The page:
Last updated on April 22nd, 2022 at 12:36 amUpperville, the oldest horse show in the United States, delivers world-class competition and signature charm.
With immaculate grass fields and plenty of refreshing shade beneath majestic oak trees, the Upperville Colt and Horse Show has attracted world-class riders and spectators for over 150 years. Over 2,000 horse and rider combinations greet the Piedmont region of Virginia each spring, with skill levels ranging from local lead-line children to Olympic-caliber competitors.
This Year at Upperville
By the 2022 show’s start on June 6, the footing in all the rings—hunter, jumper, schooling, and lunging—will have been upgraded. Also, expect an unrecognized jumper show, Upperville Jump 4 Fun on Sunday, June 5. It’s a new event that Upperville hopes local riders will take advantage of. “Riding at Upperville is a uniquely memorable experience, and we are glad to introduce this new accessible opportunity to everyone,” said UCHS president Joe Fargis.
The Oldest Horse Show in the USA
As the oldest horse show in the nation, the Upperville Colt and Horse Show (UCHS) has been a staple event within the equestrian community since 1853. Colonel Richard Henry Dulany originally established the event to encourage better treatment of young horses and improve the quality of breeding stock. The official story details, “One cold day in the winter of 1853, Colonel Richard Henry Dulany, gentleman planter and sportsman, was riding through his fields when he found a colt cast in a low fence.
Upon freeing the young horse, he discovered the colt’s feet had frozen, which added to the dismay he already felt about the living conditions of horses who were typically regarded by his fellow planters solely as sources of labor.” Colonel Dulany’s Grafton Farm became the epicenter of quintessential equestrian excellence, and the event was originally dubbed the Upperville Union Club. The show ran every year until the start of the Civil War, and then resumed once again in 1869. Colonel Dulany continued running the event until 1906, by which time the show was rebranded The Upperville Colt and Horse Club.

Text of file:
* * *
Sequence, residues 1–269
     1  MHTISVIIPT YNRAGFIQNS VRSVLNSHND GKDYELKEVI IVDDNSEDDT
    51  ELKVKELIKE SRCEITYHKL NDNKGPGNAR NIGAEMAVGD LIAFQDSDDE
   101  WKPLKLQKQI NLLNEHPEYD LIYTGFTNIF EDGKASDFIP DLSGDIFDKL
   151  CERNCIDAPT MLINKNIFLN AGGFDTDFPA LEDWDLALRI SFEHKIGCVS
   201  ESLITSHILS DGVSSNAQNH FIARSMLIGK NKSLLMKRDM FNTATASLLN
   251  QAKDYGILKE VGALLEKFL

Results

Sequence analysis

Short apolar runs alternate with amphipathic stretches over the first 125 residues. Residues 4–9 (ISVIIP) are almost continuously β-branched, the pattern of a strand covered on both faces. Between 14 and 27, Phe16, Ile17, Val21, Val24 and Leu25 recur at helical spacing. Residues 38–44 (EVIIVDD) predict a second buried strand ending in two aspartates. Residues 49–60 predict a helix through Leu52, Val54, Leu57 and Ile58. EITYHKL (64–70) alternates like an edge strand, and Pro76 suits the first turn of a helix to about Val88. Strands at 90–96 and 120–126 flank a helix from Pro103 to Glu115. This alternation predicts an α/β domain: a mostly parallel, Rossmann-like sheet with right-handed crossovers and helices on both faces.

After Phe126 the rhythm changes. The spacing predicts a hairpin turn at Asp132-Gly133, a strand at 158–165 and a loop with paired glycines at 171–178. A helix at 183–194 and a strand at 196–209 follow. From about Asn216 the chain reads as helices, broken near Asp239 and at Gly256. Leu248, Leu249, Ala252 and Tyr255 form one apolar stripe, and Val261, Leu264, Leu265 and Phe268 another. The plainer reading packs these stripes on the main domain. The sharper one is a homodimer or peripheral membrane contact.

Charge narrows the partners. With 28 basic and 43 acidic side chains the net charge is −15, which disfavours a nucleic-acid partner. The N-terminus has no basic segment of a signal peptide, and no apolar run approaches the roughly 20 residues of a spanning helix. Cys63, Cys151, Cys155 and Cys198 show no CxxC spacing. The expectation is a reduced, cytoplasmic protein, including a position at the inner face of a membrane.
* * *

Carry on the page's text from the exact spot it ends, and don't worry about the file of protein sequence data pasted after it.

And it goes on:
From top left: John French and Babylon; Philadelphia Story and Evan Coluccio. Photos: Alden Corrigan
Upperville’s Can’t-Miss Events
Classes had been expanded to include ponies, coaching, and saddle horses, and the show grew tremendously popular. The can’t-miss event still stands as one of the signature horse shows on local, national, and international calendars. Tracey Weinberg, a UCHS board member who was inducted in 2014, sums up, “Regardless of if you have an affinity for horses small or large, whether you have a horse in the backyard or ride in any discipline or compete at any level, or for the person who is looking for entertainment—the horse show offers all of that to people.”